“it is not the learned Senior Counsel to the applicant himself who raised the question that our consequential order of 30/5/2014 in the present case was given per incuriam but it was the Justices themselves that saw the problem and rose earnestly to tackle it headlong. This is because the consequential order to conduct another election rather than ordering the 1st Respondent/Applicant to be issued with a Certificate of Return and be sworn in immediately to occupy his seat in the House of Representatives representing Buruku Federal Constituency of Benue State, was made without recourse to the propositions of Section 133(2) of the Electoral Act (2010) which clearly defined the words “tribunal’, and “court” as used in Section 141 of the same Electoral Act, upon which the Court order was predicated. Therefore, in order to avoid doing incalculable harm to the 1st Respondent/Applicant, this application deserves to succeed. This is particularly so in order to avert injustice in this case when the sister case from the same Buruku Federal Constituency also containing the Buruku Constituency of the House of Assembly of Benue State where the same political party, C.P.C. now A.P.C refused to forward the names of successful candidates in primaries conducted by it to INEC to contest election resulting in pre-election proceedings that ended in this court with victory to the Respondent who had since occupied her seat in the Benue State House of Assembly from Buruku Constituency on the orders of this court in our Judgment given on 31/1/2014 in the case No. SC.193/2012, ORHENA & 1 OR v. MRS. NGUNAN ADDINGI & I OR.”
(c) As noted in the above dictum of Mahmud Mohammed JSC, the Court wanted to bring harmony between two-sister cases where it made disparate consequential orders, a situation that would have resulted to a charge of double standards against the Court. This last point should be a strong point in the ultimate decision by the Supreme Court which is now clearly faced with this same accusation, considering its earlier holdings in recent cases on issues similar to that decided in Uzodinma v. Ihedioha (No. 1).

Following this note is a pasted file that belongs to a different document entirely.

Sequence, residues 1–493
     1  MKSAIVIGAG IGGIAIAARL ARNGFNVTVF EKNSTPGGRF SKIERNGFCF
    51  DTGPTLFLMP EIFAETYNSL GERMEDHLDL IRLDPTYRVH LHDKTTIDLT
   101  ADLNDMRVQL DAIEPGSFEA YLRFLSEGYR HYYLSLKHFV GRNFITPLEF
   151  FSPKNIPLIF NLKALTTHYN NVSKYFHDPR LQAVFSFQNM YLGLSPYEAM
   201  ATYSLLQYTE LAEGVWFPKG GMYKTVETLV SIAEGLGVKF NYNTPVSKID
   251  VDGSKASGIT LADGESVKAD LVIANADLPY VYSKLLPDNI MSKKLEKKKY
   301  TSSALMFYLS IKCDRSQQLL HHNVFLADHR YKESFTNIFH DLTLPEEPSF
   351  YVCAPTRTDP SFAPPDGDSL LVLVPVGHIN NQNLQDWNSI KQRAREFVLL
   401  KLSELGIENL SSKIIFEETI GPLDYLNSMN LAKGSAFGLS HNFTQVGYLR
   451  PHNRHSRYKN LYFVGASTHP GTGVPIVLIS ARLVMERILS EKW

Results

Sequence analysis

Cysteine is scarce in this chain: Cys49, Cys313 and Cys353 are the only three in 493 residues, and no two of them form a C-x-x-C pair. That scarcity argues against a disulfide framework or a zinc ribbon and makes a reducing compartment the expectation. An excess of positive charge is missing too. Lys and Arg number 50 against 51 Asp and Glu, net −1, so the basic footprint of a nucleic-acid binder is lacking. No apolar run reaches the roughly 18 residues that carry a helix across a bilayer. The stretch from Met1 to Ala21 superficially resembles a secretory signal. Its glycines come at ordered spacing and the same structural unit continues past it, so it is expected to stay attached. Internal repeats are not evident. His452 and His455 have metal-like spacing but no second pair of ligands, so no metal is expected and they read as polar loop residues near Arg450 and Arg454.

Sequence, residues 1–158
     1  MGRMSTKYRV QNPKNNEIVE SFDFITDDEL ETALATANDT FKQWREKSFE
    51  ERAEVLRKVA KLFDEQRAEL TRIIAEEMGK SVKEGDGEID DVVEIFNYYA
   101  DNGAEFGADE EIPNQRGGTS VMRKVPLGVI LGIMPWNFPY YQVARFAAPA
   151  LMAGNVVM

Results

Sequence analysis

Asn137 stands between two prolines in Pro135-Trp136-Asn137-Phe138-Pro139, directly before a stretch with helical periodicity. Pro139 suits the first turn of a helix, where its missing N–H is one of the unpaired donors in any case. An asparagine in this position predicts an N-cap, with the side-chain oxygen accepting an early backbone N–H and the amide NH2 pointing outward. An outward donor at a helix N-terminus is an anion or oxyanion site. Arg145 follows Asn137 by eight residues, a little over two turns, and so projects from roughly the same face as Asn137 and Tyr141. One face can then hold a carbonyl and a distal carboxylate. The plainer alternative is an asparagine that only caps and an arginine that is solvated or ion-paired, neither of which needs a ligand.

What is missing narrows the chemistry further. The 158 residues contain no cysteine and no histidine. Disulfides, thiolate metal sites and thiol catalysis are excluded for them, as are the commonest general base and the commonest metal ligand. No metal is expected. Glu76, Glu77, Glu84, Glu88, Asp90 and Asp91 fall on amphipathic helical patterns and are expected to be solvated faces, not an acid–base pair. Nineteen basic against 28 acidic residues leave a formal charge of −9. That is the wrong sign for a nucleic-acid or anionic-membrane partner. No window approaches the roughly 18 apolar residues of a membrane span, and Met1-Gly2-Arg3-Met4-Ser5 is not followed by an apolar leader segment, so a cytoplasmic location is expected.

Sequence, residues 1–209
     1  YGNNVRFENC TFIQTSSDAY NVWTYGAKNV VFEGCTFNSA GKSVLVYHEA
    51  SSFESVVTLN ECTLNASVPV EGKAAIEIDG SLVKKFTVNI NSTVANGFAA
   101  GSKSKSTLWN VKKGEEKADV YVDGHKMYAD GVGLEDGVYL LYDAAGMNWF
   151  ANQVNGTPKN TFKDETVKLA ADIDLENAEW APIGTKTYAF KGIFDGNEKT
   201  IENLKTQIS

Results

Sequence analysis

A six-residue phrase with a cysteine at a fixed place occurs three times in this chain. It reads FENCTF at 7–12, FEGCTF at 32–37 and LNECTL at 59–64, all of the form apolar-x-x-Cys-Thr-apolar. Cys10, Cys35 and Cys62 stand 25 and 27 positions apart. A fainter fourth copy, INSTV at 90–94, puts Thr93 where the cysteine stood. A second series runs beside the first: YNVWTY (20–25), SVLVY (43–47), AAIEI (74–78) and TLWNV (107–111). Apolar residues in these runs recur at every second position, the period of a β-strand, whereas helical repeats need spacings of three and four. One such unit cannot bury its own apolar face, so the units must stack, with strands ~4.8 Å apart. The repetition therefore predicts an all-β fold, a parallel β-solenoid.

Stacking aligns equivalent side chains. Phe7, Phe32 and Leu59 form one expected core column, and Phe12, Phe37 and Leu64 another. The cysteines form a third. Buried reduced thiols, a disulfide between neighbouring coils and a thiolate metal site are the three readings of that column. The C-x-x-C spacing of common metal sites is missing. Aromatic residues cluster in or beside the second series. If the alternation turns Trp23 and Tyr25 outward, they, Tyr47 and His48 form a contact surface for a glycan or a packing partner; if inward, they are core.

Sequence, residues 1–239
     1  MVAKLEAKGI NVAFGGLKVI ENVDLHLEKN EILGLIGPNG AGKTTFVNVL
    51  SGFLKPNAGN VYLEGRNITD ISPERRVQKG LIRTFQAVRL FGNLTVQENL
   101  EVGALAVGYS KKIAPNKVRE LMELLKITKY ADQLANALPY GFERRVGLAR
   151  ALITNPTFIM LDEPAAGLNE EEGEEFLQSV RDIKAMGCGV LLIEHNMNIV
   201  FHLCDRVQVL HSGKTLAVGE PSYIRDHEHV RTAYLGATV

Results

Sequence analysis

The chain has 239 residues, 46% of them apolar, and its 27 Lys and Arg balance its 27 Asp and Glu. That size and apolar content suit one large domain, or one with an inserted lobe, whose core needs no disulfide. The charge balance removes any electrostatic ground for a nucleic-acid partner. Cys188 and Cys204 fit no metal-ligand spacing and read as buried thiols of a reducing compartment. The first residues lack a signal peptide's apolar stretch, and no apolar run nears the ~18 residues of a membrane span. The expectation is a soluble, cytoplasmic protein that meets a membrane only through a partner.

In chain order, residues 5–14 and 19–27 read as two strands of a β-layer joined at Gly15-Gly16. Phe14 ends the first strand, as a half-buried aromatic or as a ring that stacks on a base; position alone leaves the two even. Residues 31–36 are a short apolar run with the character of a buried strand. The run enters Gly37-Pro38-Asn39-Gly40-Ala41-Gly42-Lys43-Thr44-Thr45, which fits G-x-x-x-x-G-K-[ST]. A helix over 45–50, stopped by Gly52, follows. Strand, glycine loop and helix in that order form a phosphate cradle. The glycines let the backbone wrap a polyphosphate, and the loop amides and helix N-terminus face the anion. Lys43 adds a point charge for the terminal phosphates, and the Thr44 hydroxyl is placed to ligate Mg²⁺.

It is therefore clearly the case that where an application before the Supreme Court is to set aside the substantive judgement on any of the grounds which the Court by its jurisprudence has stated it could be done, it is absolutely necessary for not only the appearance of justice but for fair hearing that a different panel hear and determine the application. That is the practice. The Supreme Court got it right in Olorunfemi v. Asho (Suit No. SC. 13/1999), a very relevant but unreported case which was discussed in another Supreme Court case of Chief Kalu Igwe & 2 Ors v. Chief Okuwa Kalu & 3 Ors  14 NWLR (Pt.787) 435; (2002) LPELR-SC.26/1996. In Olorunfemi v. Asho (supra), the Supreme Court set up a different panel to hear an application to set aside its earlier judgement.
The panel composition is not something to be toyed with. It is as important as the decision itself, because the panel composition is what would define the appearance that justice was or was not done. In Re Pinochet II (supra), Lord Browne-Wilkinson cited Lord Campbell in Dimes v. Proprietors of Grand Junction Canal (supra), at 793:
“ … my Lords, it is of the last importance that the maxim that no man is to be a judge in his own cause should be held sacred. And that is not to be confined to a cause in which he is a party, but applies to a cause in which he has an interest.”